Oklahoma Historical Society Museum in Oklahoma City, OK
Philbrook Museum in Tulsa, OK
Southern Plains Indian Museum in Anadarko, OK
State Museum of Arizona in Tempe, AZ
Stovall Museum at the University of Oklahoma in Norman, OK
San Carlos Apache Cultural Center in Peridot, Arizona.
Art & Crafts:
The arrival of the horse around 1680 transformed the Apache into highly mobile hunters and raiders.
At the time of contact, the primitive dress of the apache men was a deerskin shirt, leggings, and moccasins. They were never without a loin-cloth. A deerskin cap with attractive symbolic ornamentation was sometimes worn. The apache woman’s clothing consisted of a short deerskin skirt and high boot top moccasins.
In the 1800’s, many Apache men began to wear white cotton tunics and pants, which they adopted from the Mexicans, and many Apache women wore calico skirts and dresses. The Apaches wore moccasins or high moccasin boots on their feet. An Apache lady’s dress or warrior’s shirt was often fringed and beaded for decoration.
Most Apache dwellings consisted of a dome shaped frame of cottonwood or other poles, thatched with grass or brush. The house itself was termed, “Kowa” and the grass thatch, “Pi”.
According to the Ndee from the beginning Is dzán naadleeshe’, Changing Woman lived alone. One day she received inspiration to go up on a hill and build a wickiup with four poles, where the first rays of the sun would strike in the morning. Is dzán naadleeshe’ went inside and lay there and as the sun came up, the sun shone between her legs. One of his rays went into her. This caused her first menstrual period.
After that she became pregnant. She conceived a son and called him Nayé nazgháné; (Slayer of Monsters). Four days later she was impregnated by Water- Old Man and gave birth to Túbaadeschine (Born of the Water-Old Man). These were the first Apache people.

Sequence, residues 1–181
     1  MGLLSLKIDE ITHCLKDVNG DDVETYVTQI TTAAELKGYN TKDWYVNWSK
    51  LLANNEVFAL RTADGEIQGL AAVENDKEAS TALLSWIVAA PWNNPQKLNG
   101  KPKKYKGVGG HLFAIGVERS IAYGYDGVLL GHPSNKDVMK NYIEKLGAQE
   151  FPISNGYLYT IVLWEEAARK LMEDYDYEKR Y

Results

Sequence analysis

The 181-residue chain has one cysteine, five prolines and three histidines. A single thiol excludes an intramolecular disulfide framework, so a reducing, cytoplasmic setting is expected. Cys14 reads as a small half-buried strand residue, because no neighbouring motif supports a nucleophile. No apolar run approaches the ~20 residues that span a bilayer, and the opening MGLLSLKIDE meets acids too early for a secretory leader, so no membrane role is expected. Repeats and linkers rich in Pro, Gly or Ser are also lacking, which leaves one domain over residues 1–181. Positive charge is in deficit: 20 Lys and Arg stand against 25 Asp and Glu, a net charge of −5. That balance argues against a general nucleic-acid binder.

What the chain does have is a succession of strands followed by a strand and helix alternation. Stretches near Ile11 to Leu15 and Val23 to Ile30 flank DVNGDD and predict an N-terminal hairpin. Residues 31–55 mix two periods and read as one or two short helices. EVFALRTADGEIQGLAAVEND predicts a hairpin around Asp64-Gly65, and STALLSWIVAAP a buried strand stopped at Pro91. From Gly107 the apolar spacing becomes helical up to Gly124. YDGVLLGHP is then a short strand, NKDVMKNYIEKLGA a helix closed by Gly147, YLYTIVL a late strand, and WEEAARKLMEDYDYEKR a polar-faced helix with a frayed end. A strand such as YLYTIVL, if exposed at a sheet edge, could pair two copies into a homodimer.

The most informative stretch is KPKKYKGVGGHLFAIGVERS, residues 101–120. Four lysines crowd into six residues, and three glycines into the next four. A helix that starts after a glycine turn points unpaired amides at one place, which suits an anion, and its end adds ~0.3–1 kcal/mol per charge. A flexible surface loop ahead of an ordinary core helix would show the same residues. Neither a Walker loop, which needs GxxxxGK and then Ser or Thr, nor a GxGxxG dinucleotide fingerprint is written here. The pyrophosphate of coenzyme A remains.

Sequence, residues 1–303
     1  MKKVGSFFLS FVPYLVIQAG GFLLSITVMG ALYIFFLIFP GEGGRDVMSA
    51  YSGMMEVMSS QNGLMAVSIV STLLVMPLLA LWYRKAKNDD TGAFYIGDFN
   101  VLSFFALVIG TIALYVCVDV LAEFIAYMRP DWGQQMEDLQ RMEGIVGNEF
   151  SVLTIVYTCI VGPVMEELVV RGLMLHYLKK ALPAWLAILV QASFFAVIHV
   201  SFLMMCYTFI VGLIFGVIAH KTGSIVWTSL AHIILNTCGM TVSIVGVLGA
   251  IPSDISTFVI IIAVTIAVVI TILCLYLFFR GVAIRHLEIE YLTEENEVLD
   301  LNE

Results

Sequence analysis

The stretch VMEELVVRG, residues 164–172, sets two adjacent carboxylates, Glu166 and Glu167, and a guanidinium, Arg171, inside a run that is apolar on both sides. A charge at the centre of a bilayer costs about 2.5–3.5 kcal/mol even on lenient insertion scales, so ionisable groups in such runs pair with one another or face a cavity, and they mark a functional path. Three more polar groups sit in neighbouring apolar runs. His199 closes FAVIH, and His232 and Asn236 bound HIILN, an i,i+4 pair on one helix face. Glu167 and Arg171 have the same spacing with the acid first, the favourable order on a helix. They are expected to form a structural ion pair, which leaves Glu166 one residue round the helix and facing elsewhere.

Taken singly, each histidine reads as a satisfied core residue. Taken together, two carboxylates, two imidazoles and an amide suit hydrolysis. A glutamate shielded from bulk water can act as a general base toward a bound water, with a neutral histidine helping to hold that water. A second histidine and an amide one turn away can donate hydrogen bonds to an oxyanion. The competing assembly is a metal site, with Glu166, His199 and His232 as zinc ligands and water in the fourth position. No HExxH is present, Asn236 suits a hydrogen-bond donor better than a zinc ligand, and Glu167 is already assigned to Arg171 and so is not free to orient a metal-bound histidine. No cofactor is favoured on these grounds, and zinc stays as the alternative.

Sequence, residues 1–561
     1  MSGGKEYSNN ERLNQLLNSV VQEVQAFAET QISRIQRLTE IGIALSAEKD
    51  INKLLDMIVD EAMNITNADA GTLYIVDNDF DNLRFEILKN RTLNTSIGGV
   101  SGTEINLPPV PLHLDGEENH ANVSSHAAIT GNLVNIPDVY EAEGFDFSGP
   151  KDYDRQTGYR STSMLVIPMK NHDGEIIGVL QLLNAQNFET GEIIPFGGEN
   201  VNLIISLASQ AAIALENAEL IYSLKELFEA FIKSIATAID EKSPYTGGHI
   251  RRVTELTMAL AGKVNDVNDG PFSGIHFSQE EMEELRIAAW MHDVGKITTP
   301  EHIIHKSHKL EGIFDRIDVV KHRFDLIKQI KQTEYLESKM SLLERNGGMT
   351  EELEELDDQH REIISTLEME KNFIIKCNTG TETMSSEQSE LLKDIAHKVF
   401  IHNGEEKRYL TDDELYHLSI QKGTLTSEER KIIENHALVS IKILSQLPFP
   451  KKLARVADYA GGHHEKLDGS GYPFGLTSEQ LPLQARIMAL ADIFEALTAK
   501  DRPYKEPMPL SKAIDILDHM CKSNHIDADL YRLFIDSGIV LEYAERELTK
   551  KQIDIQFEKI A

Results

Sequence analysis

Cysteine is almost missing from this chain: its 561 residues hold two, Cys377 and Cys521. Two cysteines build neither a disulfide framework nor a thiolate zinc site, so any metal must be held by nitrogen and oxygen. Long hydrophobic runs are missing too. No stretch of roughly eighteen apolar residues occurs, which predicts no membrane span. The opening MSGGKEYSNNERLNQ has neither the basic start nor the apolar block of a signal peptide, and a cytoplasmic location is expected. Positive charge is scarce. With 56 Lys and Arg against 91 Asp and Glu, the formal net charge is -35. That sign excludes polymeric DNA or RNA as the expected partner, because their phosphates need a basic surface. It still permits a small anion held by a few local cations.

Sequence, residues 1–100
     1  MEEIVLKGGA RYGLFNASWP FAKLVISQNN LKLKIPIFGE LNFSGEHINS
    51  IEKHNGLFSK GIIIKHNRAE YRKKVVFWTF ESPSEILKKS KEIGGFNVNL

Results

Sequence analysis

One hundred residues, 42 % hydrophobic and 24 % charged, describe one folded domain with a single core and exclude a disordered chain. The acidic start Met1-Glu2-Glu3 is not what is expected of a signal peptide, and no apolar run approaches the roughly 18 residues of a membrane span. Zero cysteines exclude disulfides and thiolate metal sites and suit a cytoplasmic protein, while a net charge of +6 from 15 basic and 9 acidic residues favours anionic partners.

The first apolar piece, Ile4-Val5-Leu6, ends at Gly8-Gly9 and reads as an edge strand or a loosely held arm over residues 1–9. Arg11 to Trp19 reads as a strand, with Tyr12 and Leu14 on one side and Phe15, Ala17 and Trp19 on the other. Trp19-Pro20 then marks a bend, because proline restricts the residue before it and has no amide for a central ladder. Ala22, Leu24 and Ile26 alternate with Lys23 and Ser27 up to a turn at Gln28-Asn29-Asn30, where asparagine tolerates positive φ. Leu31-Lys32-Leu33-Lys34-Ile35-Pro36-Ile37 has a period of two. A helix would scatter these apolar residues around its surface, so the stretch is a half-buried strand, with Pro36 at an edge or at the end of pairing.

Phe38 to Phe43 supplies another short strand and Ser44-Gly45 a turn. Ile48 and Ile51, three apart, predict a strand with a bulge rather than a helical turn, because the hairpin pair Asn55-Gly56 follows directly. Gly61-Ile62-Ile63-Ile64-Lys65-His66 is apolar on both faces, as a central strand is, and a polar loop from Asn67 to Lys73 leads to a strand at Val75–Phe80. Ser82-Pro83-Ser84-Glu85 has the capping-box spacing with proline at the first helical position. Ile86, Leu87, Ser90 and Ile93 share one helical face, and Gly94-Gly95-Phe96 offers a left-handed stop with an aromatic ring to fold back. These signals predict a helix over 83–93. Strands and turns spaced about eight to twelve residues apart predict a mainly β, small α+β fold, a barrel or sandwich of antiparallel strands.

Later, after the Apache aquired the horse, some tribes who traveled great distances to hunt buffalo, adopted the tipi used by other Plains Tribes. A tipi is a wood pole frame covered with animal skins.
The Ka-ta-kas, or Plains Apache were plains hunters who followed the great southern bison herd across the grasslands of western Texas, Oklahoma and eastern New Mexico. Buffalo represented the centerpiece of Apache life, providing meat, clothing, tools, weapons and shelter.
Today, tribal members work in a variety of professions in the Anadarko and Fort Cobb areas, and tribal identity and tradition flourish.
Religon Today: Traditional Tribal Religion, Native American Church, Christianity
Traditional Religion & Spiritual Beliefs:
The Apache are devoutly religious and pray on many occasions and in various ways. Recreated in the human form, Apache spirits are supposed to dwell in a land of peace and plenty, where there is neither disease or death. They also regarded coyotes, insects, and birds as having been human beings.
Apache religion is based on a complex mythology and features numerous deities. The sun is the greatest source of power. Culture heroes, like White-Painted Woman and her son, Child of the Water, also figure highly, as do protective mountain spirits (ga’an). The latter are represented as masked dancers (probably evidence of Pueblo influence) in certain ceremonies, such as the four-day girls’ puberty rite. (The boys’ puberty rite centered on raiding and warfare.)
Supernatural power is both the goal and the medium of most Apache ceremonialism. Shamans facilitate the acquisition of power, which can be used in the service of war, luck, rainmaking, or life-cycle events. Power could be evil as well as good, however, and witchcraft, as well as incest, was an unpardonable offense. Finally, Apaches believe that since other living things were once people, we are merely following in the footsteps of those who have gone before.
Apache women were chaste before marriage. Apache culture is matrilineal. Once married, the man went with the wife’s extended family, where she is surrounded by her relatives.
Spouse abuse is practically unknown in such a system. Should the marriage not endure, child custody quarrels are also unknown: the children remain with the wife’s extended family.
Marital harmony is encouraged by a custom forbidding the wife’s mother to speak to, or even be in the presence of, her son-in-law. No such stricture applies to the wife’s grandmother, who frequently is a powerful presence in family life.
Geronimo, Public Domain Photo
During the 18th century, French and Spanish traders brought guns, horses and disease to the Kiowa Apache. The latter drastically reduced the tribe’s population. Reservation years brought epidemics and an assault on the Apache way of life by the Indian Service.
In the News:
Culture and Customs of the Apache Indians
Recordings of Traditional Apache Songs
The Jicarilla Apache Tribe: A History
Once They Moved Like The Wind : Cochise, Geronimo, And The Apache Wars
The Lipan Apaches: People of Wind and Lightning
Portraits of “The Whiteman”: Linguistic Play and Cultural Symbols Among the Western Apache
The Apache Peoples: A History of All Bands and Tribes Through the 1880s
Drumbeats from Mescalero: Conversations with Apache Elders, Warriors, and Horseholders
Victorio: Apache Warrior and Chief